Ever heard the old saying “eating you out of house and home”? Most children will experience a period where they seem to eat everything in sight. This usually correlates with a growth spurt or other developmental milestone. But for some parents every afternoon seems to be filled with the words “I’m hungry” playing on repeat. It can become frustrating coming up with multiple snack ideas and avoiding resorting to “junk” food. If you’re currently nodding your head, here are 5 handy tips to help manage super hungry kids:
You can’t manage what you don’t measure.
Using a food journal to keep track of your child’s eating habits over a week can provide you with insightful information. This helps you determine exactly when they turn ravenous, how much they’ve devoured throughout the day and where there may be any gaps in their meal schedule.
Having this information at your disposal is going to help you implement the other 4 strategies outlined below.
Routine, Routine, Routine.
If your children skip meals and snacks, then hunger is likely to continue building throughout the day. Most parents find afternoons are their child’s hungriest time of day. Maintaining regular meal and snack times earlier in the day is going to help prevent them from reaching the insatiable stage.
Always start the day with breakfast – a bowl of cereal with milk is a quick easy option, just try and aim for ones that are based on whole grains and are low in sugar. When at school the snack times are already determined for you, so ensure they have enough nutrient dense food in their lunch box for these times.
Also, check that they are eating all the food provided – some fussy eaters won’t even touch their lunch knowing that their favourite foods will be on offer when they get home. (If you’re struggling with a fussy eater there are a few handy tips here). Time afternoon snacks so that they are not too close to dinner. It can really help to have a predetermined cut-off point, for example a ‘No Snacks after 4’ approach may work well in your household.
If meals and snacks are positioned close together then the chances are they’ll be too full of the earlier snack to eat much of the main meal. But if they don’t have enough for their main meal then they are going to feel hungry not long after it and that’s when the hunger complaints are likely to start. And so starts the vicious cycle – they fill up on snacks but then aren’t hungry for the main meal, and are then starving soon after and fill up on snacks again. Setting regular meal and snack times is going to help break that cycle.
Make it a balanced meal or snack
Providing a balanced snack that has some carbohydrate, protein and healthy fats is going to satisfy hunger and keep them feeling fuller for longer. Fruit can often be a “go-to” snack option but as far as keeping you feeling full, it doesn’t have much staying power. Give a hungry child a piece of fruit and you are nearly guaranteed to be hearing “I’m still hungry!” not long after. Teaming fruit up with protein such as yoghurt or cheese, or nuts for some healthy fats as well, will make for a much more satisfying snack that will fuel them until the next meal.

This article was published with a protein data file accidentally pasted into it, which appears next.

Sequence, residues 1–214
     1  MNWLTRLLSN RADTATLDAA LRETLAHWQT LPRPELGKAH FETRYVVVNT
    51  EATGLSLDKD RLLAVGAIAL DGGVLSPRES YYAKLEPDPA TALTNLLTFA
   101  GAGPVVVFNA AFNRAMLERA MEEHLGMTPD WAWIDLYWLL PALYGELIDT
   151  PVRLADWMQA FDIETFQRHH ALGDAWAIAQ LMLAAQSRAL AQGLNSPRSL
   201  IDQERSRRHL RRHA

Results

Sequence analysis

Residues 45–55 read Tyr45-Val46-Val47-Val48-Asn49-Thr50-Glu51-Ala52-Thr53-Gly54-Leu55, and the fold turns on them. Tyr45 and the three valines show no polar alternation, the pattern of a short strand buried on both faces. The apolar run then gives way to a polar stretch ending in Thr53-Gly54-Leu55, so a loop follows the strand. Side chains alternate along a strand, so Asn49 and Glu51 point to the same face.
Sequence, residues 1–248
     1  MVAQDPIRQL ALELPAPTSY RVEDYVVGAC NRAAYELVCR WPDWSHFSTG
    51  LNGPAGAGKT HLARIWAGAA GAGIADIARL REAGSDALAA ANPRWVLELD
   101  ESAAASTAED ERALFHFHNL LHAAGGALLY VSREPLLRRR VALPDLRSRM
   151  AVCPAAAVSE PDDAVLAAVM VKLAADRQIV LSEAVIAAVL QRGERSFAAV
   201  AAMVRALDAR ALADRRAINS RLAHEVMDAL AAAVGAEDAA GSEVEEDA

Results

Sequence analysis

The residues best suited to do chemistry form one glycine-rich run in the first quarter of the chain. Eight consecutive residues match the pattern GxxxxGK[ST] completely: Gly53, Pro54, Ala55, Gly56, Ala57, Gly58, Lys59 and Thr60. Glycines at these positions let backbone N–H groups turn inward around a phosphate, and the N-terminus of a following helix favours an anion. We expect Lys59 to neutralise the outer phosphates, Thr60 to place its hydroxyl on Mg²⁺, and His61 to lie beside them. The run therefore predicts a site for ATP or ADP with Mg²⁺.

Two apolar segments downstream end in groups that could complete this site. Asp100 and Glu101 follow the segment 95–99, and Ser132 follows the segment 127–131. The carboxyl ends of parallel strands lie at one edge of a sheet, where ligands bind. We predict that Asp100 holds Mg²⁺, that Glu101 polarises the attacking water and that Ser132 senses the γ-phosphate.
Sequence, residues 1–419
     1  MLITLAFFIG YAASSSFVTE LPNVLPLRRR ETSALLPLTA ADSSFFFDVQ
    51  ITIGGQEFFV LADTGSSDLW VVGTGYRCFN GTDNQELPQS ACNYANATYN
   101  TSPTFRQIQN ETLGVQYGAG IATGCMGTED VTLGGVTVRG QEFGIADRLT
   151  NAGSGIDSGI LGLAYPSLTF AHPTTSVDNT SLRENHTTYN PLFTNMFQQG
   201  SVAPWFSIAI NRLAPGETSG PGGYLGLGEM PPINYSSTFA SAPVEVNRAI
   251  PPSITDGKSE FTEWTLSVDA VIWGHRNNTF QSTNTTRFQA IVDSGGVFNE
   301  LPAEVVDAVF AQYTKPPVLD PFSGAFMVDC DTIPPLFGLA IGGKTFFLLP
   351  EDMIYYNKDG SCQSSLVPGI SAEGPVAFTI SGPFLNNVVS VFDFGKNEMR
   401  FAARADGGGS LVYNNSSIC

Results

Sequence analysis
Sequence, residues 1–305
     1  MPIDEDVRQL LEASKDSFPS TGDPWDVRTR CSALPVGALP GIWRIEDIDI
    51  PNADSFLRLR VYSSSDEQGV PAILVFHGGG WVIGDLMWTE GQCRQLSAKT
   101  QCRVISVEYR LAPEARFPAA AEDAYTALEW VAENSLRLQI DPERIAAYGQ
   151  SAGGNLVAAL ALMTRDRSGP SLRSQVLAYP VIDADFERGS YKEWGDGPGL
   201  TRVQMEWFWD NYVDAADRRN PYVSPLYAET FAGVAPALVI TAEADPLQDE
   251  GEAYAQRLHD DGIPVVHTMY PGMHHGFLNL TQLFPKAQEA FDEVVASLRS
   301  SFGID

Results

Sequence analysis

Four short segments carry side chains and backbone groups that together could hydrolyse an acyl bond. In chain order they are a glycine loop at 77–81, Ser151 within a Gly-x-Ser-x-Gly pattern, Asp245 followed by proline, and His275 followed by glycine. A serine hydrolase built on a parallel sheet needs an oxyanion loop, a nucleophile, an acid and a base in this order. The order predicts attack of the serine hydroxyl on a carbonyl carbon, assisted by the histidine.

The same thing holds true for main meals. If your child is only having a vegemite sandwich for lunch, by the time afternoon tea rolls around that sandwich is long forgotten and hunger is on the rise. Add in some cheese, or even better – swap it for a cold meat and salad sandwich.
Ensure they drink plenty of water
Sometimes our bodies can confuse thirst for hunger, so keeping on top of fluid intake is the best way to guarantee that your children aren’t getting this signal mixed up. Pack a water bottle in their school bags, encourage them to have a glass of water at breakfast time, and another when they first get home from school. The recommendation is for around 1.2L for children aged 4-8, and up to 2L per day for teenagers.
Water is best for staying hydrated. Other fluids can temporarily displace food. If your child fills up on a drink of milk and isn’t having any solid food for morning tea, then it won’t be long before their stomach is grumbling and they’re back looking for more food.
Before serving up the 5th snack of the day ask yourself – “are they really hungry?” Just like adults, children and teenagers will eat when bored. In fact, a recent study found that more than 70% of adolescents will snack just because they are bored. Eating that is not in response to hunger cues increases the likelihood of consuming more calories than needed, which in turn can lead to excess weight gain over the long term. So, if they have just had a meal or snack, and boredom is a possibility, instead of providing more food try thinking of an activity to keep them occupied. Head out for a walk or a bike ride, or find another way to keep them busy until the next scheduled mealtime.
Michelle Bulman is our Paediatric Dietitian expert and can help you find practical solutions for your family.